Susan said...

I do like the poem, and now know I was deprived that it wasn't part of my childhood! I also like the way you tell this story and the truth of its origin. Thank you.

Ella said...

I love the poem! I can see the layering effect of its words. How each time read it impacts another insight! Thank you for sharing this poem-I had not heard of it! I too am happy to learn there is a real life
Felicity! I am now craving watermelon and pickles ;D
Thank you!!

Kerry O'Connor said...

This is wonderful! I have never had the opportunity to read this poem, and may never have done so if not for your choice to share it here. It is so delicately emotive and I felt the goosebumps on my skin at the sensitivity of his connection with the past. Thank you, Sheri.

Kerry O'Connor said...

Coming back to this after reading the full version, I think I love it especially for the unicorn line. When I was younger, i used to collect unicorns (still have many of them) but it is one of the many things I stopped doing when I "grew up". That last line brought it back to me - the things we lose, like magic and possibility.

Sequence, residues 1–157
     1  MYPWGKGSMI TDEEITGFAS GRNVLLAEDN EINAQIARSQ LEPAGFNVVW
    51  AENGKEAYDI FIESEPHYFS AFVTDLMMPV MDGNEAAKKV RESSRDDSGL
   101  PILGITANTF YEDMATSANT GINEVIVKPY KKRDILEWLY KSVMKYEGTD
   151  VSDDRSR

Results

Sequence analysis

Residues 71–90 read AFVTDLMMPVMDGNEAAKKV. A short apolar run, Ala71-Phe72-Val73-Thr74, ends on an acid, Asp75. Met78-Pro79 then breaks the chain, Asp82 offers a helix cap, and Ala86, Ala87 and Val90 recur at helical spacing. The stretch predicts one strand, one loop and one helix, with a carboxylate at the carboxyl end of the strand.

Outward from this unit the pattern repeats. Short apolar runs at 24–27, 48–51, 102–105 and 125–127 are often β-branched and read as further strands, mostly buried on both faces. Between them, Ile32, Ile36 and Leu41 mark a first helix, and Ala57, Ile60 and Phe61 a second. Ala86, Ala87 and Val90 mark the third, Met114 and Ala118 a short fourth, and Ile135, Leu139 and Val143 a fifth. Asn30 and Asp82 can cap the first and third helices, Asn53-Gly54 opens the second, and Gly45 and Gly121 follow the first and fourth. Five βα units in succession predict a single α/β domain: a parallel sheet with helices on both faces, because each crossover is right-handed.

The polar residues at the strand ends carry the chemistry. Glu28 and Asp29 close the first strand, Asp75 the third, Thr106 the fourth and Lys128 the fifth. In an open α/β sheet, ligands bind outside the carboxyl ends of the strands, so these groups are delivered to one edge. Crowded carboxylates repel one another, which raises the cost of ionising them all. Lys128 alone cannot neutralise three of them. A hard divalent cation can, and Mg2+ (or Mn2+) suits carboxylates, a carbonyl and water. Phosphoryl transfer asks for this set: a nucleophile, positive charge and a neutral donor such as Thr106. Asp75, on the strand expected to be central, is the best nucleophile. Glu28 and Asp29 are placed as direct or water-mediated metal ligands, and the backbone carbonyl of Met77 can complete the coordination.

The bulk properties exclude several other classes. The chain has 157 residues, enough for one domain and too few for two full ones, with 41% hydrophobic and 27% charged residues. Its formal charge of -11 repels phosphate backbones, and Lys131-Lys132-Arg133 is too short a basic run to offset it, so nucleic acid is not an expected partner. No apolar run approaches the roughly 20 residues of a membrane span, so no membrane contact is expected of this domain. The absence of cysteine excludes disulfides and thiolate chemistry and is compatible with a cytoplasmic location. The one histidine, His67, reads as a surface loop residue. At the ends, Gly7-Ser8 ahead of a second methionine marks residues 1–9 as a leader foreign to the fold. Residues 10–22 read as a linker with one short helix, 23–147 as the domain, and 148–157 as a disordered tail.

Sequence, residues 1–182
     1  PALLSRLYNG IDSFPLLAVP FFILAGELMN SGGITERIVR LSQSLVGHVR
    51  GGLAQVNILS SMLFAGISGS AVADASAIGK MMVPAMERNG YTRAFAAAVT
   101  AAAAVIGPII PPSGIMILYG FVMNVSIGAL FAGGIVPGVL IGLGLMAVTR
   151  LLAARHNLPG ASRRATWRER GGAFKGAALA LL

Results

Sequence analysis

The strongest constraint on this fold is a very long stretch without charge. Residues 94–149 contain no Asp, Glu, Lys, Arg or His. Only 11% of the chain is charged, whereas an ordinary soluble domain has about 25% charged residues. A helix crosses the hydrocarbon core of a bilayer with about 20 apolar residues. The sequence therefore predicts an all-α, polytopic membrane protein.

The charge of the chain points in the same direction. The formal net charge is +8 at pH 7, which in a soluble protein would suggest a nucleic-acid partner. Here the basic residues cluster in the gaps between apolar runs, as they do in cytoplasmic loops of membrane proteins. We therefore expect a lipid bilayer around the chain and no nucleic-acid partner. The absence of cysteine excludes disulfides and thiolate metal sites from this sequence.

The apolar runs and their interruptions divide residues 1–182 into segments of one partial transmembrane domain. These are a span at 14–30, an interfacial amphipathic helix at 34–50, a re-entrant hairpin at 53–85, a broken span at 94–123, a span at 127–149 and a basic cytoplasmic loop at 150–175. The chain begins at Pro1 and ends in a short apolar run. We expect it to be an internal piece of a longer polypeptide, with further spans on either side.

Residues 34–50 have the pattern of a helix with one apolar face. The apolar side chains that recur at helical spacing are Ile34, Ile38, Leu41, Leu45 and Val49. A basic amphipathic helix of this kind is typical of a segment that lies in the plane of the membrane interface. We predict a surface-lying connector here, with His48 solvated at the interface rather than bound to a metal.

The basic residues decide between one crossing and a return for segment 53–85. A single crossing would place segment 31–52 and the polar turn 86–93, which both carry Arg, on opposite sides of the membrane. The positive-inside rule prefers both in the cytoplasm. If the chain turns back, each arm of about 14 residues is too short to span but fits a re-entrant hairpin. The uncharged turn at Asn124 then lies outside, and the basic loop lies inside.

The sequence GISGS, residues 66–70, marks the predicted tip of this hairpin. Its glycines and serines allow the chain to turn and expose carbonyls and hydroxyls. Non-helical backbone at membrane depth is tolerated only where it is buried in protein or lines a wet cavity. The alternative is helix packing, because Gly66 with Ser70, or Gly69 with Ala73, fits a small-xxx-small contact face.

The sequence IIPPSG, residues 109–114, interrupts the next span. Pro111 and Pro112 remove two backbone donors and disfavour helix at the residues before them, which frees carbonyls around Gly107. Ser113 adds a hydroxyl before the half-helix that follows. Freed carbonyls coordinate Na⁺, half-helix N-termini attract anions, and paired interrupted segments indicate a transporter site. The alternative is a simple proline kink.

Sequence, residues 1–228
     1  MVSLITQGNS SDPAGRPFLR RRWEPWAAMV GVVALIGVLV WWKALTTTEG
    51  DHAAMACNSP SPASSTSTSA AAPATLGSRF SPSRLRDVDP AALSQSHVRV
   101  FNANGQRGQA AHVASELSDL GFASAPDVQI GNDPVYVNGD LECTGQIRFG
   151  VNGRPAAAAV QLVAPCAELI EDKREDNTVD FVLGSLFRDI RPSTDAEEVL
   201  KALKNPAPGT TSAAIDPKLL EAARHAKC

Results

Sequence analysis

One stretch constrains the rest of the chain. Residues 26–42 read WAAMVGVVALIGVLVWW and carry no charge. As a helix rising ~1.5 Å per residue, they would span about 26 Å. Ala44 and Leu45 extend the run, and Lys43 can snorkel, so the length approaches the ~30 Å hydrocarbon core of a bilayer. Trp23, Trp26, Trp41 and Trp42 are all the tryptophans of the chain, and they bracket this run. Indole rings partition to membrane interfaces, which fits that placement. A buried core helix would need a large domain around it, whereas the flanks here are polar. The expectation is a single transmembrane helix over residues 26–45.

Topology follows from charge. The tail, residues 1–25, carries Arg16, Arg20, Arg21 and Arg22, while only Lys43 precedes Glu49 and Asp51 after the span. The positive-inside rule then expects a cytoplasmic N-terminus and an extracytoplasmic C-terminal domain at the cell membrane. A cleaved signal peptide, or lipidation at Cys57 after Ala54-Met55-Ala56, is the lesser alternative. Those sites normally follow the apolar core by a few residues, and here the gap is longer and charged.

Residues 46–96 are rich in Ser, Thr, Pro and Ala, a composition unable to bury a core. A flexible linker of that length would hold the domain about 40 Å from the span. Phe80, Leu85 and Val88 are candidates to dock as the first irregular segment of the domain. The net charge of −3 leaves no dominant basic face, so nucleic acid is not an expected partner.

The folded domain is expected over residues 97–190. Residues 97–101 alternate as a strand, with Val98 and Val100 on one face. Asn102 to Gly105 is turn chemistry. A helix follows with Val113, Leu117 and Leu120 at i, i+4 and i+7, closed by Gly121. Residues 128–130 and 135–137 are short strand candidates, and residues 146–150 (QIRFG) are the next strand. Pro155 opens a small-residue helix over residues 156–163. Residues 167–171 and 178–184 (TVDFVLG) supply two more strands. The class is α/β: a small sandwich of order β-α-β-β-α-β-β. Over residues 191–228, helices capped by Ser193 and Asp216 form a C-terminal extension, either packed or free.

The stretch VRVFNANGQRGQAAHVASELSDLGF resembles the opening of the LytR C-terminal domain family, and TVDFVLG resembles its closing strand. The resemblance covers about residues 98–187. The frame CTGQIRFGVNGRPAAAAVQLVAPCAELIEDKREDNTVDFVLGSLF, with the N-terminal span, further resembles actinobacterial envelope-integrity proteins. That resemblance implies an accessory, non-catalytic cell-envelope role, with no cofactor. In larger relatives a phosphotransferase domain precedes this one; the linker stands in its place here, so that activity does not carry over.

Sherry Blue Sky said...

I loved this entire post - had not heard of this fantastic poem, loved the way you led us through it, and provided background information. This was a highly enjoyable read, Ms Mouse!

Marian said...

wow, i just love this, thanks so much for sharing it, Sheri. how melancholy, to think of one's own past, to consider one's children leaving behind those things that are so central to them now. really beautiful. thank you!

Sherry Ellis said...

Love the poem! It certainly is nostalgic.

Gail said...

If I did not love poetry already this poem would have convinced me to fall in love with the gift that makes words art.

Lolamouse said...

This poem made me fall in love with poetry. The book has some other gems in it as well. So glad everyone is enjoying the watermelon pickle!

Grace said...

Thank you so much LM ~ What a wonderful post to read & remember my childhood summer days this afternoon ~ Smiles ~

sharplittlepencil.com said...

Lolamouse, this was a double gift - the watermelon pickle and the poem which it inspired! I remember reading that poem years ago and the best part was the title, which simply tickled me! Amy

Susie Clevenger said...

I love the poem. Thank you so much for introducing me to it and the poet! I can see why you were inspired!

Hannah said...

LOVE your yellowed copy...books that are old that one can hold are my favorite! Thank you Lola-mouse for sharing your favo(u)rite!